CP Photo: Kaycee Orwig
If there is a God, it doesn't know as much about its disciples as the TikTok algorithm does. After using the app a few times, TikTok's “For You” page will start serving videos targeted to your age, gender, sexuality, religion, location, preferred dog breed, and personal hygiene habits. The algorithm has only grown stronger in quarantine, with users spending mornings, days, and nights consumed by the app's endless stream.
If you're into Halloween, goth culture, death, and general spookiness, the algorithm may have served you videos from @Beforethecoffin
, the account of Pittsburgh-based mortician and special-effects makeup artist Heather Taylor. And it might be more than just macabre fans tuning in; Taylor’s TikTok has become extremely popular with hundreds of thousands of followers.
Taylor's videos create a space for people to get comfortable with the funeral industry, especially at a time when Americans are dealing with death on a mass scale. From demonstrations on post-mortem makeup, to tours of mortuary school, to dancing in a vampiric outfit, her account shows the life behind the death business.
Like many TikTok creators, Taylor's account gained popularity in quarantine — nearly 300,000 followers. Throughout the pandemic, watching videos of other people’s lives has served as a replacement for the fact that our own lives might feel like they're on hold. Taylor completed her time at the Pittsburgh Institute of Mortuary Science (PIMS) during the pandemic, and now works at a funeral home where she does embalming and restorations on bodies, among other services. In August, she posted a montage on TikTok of her time at PIMS, and it racked up 1.2 million views. The comment section was filled with followers wanting more information about the mortuary industry, and PIMS loved the video so much they asked her to make more highlighting the school.
Before entering the funeral business, Taylor worked for years at Kennywood's Phantom Fright Nights and attended Tom Savini's Special Make-Up Effects Program, run by the makeup artist known for his work with filmmaker George Romero. When a funeral director suggested that Taylor would make a good mortician, she toured the school and knew it was her calling.
"[I had] already looked at cadavers in general to study for special effects so it was just something that felt more like a calling to me," says Taylor. "Something that I would be capable of doing and that I would feel comfortable with because I already feel comfortable with death."
In several of her videos, Taylor demonstrates how to repair molds of faces that have been damaged in an accident or attack. She fills in gaps with mortician's wax, and then applies or airbrushes coloring and makeup. The process shows viewers, and prepares students for, what it is like to mend a real human body.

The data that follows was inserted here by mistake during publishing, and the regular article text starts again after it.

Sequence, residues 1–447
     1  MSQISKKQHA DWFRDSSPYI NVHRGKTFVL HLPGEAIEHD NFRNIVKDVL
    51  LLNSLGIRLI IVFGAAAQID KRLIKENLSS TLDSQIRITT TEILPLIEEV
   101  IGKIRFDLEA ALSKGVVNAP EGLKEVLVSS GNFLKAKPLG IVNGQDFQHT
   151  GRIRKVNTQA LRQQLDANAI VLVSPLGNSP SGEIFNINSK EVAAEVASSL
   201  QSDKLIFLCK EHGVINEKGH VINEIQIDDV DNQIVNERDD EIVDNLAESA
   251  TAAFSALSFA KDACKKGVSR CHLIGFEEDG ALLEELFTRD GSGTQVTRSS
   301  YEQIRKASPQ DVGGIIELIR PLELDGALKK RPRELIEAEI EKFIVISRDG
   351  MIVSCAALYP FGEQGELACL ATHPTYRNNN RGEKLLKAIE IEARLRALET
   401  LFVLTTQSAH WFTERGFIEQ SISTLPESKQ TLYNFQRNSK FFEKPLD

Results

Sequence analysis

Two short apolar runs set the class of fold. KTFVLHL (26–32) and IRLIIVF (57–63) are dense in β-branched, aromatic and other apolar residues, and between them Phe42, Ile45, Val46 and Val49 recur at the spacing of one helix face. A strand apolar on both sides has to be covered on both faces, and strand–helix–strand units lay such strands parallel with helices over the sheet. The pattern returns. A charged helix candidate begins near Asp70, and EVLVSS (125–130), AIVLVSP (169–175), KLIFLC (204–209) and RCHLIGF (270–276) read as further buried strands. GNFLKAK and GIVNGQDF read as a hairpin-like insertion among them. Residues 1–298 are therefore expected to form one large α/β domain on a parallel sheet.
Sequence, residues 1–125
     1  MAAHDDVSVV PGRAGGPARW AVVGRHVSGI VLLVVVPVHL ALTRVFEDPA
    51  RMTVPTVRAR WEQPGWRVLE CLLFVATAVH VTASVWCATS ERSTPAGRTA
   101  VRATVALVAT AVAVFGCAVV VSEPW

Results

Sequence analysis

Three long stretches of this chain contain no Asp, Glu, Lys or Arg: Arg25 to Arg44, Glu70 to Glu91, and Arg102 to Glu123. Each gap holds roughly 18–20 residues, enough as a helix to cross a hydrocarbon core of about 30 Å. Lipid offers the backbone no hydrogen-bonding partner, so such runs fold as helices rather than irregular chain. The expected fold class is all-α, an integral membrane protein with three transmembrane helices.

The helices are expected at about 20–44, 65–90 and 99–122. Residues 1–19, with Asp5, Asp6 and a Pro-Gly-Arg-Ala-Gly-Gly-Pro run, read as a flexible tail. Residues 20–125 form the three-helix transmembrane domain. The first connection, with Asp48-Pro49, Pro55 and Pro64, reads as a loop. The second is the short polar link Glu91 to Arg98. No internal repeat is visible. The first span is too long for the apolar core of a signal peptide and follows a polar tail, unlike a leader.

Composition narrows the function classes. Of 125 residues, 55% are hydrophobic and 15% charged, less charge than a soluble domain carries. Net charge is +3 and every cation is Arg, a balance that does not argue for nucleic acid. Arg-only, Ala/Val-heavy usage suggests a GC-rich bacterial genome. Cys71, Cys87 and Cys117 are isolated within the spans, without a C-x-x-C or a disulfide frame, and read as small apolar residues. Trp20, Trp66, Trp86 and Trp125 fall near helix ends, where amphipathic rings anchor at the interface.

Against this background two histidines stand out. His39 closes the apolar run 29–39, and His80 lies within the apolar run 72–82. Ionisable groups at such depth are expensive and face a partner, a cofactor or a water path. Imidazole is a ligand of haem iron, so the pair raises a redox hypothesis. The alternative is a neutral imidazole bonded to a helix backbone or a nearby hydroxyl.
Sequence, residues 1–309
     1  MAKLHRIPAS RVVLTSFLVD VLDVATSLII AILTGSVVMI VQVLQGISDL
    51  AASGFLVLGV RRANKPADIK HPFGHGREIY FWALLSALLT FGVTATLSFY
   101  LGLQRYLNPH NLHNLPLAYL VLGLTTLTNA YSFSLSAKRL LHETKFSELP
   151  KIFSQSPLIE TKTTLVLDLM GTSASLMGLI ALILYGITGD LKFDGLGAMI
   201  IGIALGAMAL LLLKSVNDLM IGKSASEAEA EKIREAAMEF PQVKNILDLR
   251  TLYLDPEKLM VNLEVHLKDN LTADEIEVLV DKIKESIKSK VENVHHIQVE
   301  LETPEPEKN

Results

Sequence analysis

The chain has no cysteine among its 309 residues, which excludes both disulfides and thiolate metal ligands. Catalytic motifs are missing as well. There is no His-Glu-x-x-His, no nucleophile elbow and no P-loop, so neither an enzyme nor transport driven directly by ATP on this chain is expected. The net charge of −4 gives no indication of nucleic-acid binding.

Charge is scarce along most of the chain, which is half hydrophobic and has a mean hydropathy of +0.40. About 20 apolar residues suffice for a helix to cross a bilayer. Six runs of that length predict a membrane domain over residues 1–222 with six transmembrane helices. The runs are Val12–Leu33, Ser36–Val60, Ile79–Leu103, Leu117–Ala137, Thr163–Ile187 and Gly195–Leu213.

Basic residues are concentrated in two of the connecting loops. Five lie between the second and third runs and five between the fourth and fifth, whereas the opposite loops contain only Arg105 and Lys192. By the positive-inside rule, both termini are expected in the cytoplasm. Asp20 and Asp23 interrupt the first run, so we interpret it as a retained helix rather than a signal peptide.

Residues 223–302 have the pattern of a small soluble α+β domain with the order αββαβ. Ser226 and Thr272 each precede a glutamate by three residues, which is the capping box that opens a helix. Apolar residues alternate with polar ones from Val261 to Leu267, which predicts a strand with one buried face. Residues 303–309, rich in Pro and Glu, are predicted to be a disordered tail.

"I hear most of the time [about] open casket services like, 'Oh, that didn't really look like my mother, that didn't really look like my friend,' and I wanted to give people that chance to have a more peaceful goodbye," says Taylor.
While her videos on working as a mortician are always serious and respectful, many TikToks on @Beforethecoffin don't have to do with the death industry at all. One of her most popular videos ever, with nearly 4 million views, features Taylor dancing on the road in a cemetery wearing a black spiderweb skirt sent to her by a clothing brand, which she says subsequently sold out. Others feature Taylor in Riverdale cosplay as Veronica Lodge, or running around as a transparent ghost (she gets help from her videographer fiance, Nathan King, also known for his musical act slowhaunt).
In one, as a ghost in a Victorian dress, she marches hurriedly through a cemetery (to Blackpink's "How you like that"). The overlaying text reads, "When you realize your husband wasn't buried next to you so you gotta find out who tf he was buried next to."
In others, she takes her followers on a tour of sights like Penn Forest Natural Burial Park, a “green cemetery,” or the Castle Halloween Museum in Altoona. The videos are for her viewers, but they're also to help Taylor ground herself in her life outside of work, which has been especially busy and heavy during the pandemic.
"I am constantly on my feet," she says. "Our phone is off the hook, and I am actually constantly very, very busy. If I'm not doing makeup, I'm embalming, and in my free time, I just kind of like to create videos, and it helps me bring myself back to my own personal life's reality."
If you look at the comments sections of any of Taylor's videos explaining the mortuary business, the comments are filled with people saying that they didn't know mortuary school existed, that they're inspired to see someone who went back to school at 25, that they applied to mortuary school because of her account.
She says that the enrollment at PIMS has increased over the past year, with many students marking on their application that they heard about it from TikTok. Taylor has now helped teach a restoration class at the school, and is happy to encourage others to pursue an important, and steady, career path.
"I think that the pandemic has really shown people that the death care industry is important. It should be noticed," says Taylor. "I would like to put a positive look on the death community for the youth. I think I'm doing a pretty good job of reaching Gen Z and telling them not to be so afraid."